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Private credit lenders fill the gap in Australian real estate market

Banks tighten lending amid rising interest rates and slowdown

Private credit lenders are increasing their footprint in parts of the Australian commercial property market, providing alternatives for borrowers as banks scale back higher-risk lending amid a slowdown brought on by elevated interest rates. The funds available for deals are growing as investors including pension funds, sovereign wealth and insurance firms look for meaty returns hard to find in today’s equity markets, especially in the beaten-down real estate sector.

According to a report from the Reserve Bank of Australia (RBA) in March, lenders are expanding into residential and commercial construction as banks slow lending or exit, a sector historically seen as high risk. Some 2,213 construction firms filed for insolvency last financial year, the highest on records going back to 2013, as builders are sandwiched between higher costs and fixed-price contracts.

New commercial property lending by the four major banks, Commonwealth Bank, National Australia Bank, Westpac and ANZ Group, has averaged 1% growth per quarter since June 2022, levels last seen during the pandemic, data from the prudential regulator shows, with exposure to offices and residential contracting.

Private credit lenders fill the gap in Australian real estate market

Private credit offers attractive returns and security

Private credit lenders offer borrowers higher interest rates than banks, but also more flexibility and certainty in funding. Investors can expect returns from 9% to 11% with the added security of loans pledged against real assets like condos or warehouses, often with a 30% to 40% equity buffer, said Paul Notaras, executive director at Barings Real Estate Australia.

“Over the last 12 to 18 months we have seen a lot more institutional investor interest and many are seeing this as an attractive entry point to diversify their portfolios,” said Steve Bulloch, head of Australian real estate at U.S.-based PGIM Real Estate, which expects to deploy a further $1 billion in the country over the next few years.

Australian real estate specialist Qualitas, whose backers include the Abu Dhabi Investment Authority, has nearly doubled funds under management to A$8 billion ($5.07 billion) since mid-2022, with roughly half the increase since this June.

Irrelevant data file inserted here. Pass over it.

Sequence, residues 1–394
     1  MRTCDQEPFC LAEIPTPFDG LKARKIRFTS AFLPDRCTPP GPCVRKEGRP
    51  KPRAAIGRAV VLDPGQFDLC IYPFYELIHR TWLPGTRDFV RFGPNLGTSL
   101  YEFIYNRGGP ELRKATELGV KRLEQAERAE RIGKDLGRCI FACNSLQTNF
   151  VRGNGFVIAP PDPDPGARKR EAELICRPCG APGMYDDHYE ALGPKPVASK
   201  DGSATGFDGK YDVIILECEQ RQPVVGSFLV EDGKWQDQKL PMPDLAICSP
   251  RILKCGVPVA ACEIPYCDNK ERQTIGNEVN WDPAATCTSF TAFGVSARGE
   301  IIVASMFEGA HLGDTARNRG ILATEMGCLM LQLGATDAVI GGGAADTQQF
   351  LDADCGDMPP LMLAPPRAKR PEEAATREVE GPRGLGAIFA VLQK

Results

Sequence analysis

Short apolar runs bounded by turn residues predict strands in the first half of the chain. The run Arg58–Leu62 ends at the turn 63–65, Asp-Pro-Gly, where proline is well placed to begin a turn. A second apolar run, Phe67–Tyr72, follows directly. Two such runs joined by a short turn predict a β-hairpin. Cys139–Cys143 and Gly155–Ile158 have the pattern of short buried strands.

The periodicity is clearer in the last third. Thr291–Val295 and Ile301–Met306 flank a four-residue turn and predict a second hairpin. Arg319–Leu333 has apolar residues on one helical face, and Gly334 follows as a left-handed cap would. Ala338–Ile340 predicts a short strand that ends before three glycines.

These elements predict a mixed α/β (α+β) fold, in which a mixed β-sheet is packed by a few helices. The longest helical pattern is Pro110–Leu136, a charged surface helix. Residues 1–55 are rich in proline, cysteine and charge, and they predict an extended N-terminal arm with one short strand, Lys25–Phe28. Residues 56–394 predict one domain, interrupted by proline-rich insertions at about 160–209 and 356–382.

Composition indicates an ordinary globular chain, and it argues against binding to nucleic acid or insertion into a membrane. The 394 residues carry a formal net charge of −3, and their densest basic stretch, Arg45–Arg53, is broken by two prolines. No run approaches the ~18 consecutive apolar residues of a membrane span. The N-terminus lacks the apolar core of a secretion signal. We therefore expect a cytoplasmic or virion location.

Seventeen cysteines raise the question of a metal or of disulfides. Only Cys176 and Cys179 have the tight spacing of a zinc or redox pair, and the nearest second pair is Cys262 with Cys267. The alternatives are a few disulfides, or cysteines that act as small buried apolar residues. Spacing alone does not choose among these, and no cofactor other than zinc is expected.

Private credit fills the gap in underserved segments

Private credit lenders are targeting segments of the market that are underserved by banks, such as land development, construction, and value-add projects, where they can charge higher margins and fees. They are also providing mezzanine and preferred equity financing, which rank below senior debt but above common equity in the capital structure.

“We are seeing a lot of opportunities in the residential sector, especially in the build-to-rent and affordable housing segments, where there is strong demand and limited supply,” said Bulloch. “We are also looking at industrial and logistics assets, which are benefiting from the growth of e-commerce and supply chain diversification.”

Notaras said Barings was also active in the office sector, where it sees value in well-located and well-tenanted properties that can withstand the changing work patterns and preferences of occupiers. “We are not afraid of taking some leasing risk, as long as we are comfortable with the quality of the asset and the location,” he said.

Private credit faces challenges and risks

Despite the growing appetite for private credit, the sector faces some challenges and risks, such as regulatory uncertainty, competition, and potential defaults. The RBA has warned that non-bank lenders could pose financial stability risks if they are not subject to adequate oversight and prudential standards.

The sector is also becoming more crowded, as new entrants and existing players vie for deals and compress yields. “The market is very competitive and we have to be selective and disciplined in our underwriting and pricing,” said Notaras.

Moreover, private credit lenders could face higher losses if the property market deteriorates or if borrowers default on their loans. “We are mindful of the macroeconomic environment and the potential impact of interest rate hikes and inflation on the property sector,” said Bulloch. “We are also monitoring the credit quality and performance of our portfolio and taking proactive measures to mitigate any risks.”

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